- Created: Friday, 08 April 2011 08:08
- Published: Friday, 08 April 2011 08:08
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SAMARKAND: GIANT REEFS IN A SEA OF SAND
Explorations in the deepest caves of Asia, on giant peaks of the Pamir-Alaj Mountains, one of the scenes of the collapse of the Soviet Union. Samarkand is located in the state of Uzbekistan, currently an independent Republic but which was part of the immense Soviet state. The region is characterised by endless desert plains and high steep mountains in the south. These peaks are extensions of the Pamir Mountains. Soviet speleologists, coming mainly from Kiev and Sverdlovsk-Ekaterineburg, performed on these mountains some of the most challenging speleological research ever accomplished.
Exploration focused largely on various caves opening in high calcareous ridges, south west of the city of Dushambè. They are monoclines up to 4000 m high, almost free from water. Caves in this area are among the deepest in the world, hence among the coldest and most difficult cavities, with temperatures close to 0 degrees or lower.
In the summer of 1989 we were invited to join that group of soviet speleologists to carry out an expedition. A team formed by some of the best Italian cavers had the opportunity of discovering those wonderful regions. Six cavers (three Italians and three Russians) obtained an extraordinary result: they reached for the first time the bottom of the Boy Bulok cave, after a descent of115 hours. At that time, that endless underground tunnel, over 1200 m deep, narrow and with long semi-flooded sections became one of Asia’s deepest caves and today remains one the most difficult ones.
Two years later, the newly founded La Venta Association organised a new expedition, with improved equipment and organisation, to discover new caves in the highest parts of the Bai-Sun-Tau chain. We explored numerous caves and some of them required difficult descents on limestone walls up to 500 m high.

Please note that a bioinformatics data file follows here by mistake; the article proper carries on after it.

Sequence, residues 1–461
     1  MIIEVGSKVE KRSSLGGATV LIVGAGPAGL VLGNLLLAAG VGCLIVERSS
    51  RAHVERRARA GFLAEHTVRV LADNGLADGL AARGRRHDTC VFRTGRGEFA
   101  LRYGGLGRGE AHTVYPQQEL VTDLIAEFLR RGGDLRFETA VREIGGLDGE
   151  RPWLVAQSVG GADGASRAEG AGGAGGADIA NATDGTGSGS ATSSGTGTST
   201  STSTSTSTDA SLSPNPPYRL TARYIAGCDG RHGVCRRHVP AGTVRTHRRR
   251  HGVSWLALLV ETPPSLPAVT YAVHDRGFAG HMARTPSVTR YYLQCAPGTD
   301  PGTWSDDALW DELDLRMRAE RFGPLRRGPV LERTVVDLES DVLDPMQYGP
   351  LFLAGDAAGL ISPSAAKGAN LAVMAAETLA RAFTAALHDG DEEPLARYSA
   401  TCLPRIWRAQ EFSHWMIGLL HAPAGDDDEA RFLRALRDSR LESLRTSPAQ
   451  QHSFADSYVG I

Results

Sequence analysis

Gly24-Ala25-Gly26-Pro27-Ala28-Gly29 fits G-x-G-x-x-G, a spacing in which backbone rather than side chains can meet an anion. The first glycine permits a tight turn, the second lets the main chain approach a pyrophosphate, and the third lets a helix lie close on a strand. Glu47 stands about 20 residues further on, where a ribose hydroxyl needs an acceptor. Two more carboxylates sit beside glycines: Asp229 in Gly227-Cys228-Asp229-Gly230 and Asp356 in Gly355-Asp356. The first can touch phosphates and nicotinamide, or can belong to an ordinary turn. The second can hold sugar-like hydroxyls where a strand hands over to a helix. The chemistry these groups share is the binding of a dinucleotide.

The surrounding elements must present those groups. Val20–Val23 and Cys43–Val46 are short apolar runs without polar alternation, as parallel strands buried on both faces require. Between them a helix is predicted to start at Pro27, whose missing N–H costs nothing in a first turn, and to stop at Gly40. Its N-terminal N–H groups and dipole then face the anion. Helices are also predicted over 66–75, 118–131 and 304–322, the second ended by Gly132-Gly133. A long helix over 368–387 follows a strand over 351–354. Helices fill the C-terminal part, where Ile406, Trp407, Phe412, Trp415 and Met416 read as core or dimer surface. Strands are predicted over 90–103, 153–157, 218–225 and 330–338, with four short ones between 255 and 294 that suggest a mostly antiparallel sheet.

Today this is still one of the most challenging explorations performed by our association and the results are described in their entirety in the book “Grotte e storie dell’Asia Centrale” (Caves and History of Central Asia) and in two documentaries.
The idea of creating the Association La Venta and its geographical-technical plan came after exploring the unknown world extending below the desert mountains of Central Asia. Geographical area: frontier mountains between Tajikistan and Uzbekistan, 150 km south of Samarkand.
Future plans: results obtained during various expeditions offer a clear picture of karst topography in this area. However, time and logistic constraints prevented us from performing in depth analyses. The Ulugh Beg is probably an extremely deep cave and its hall is one the most remote places in the world. The current political situation discourages explorers from performing new expeditions.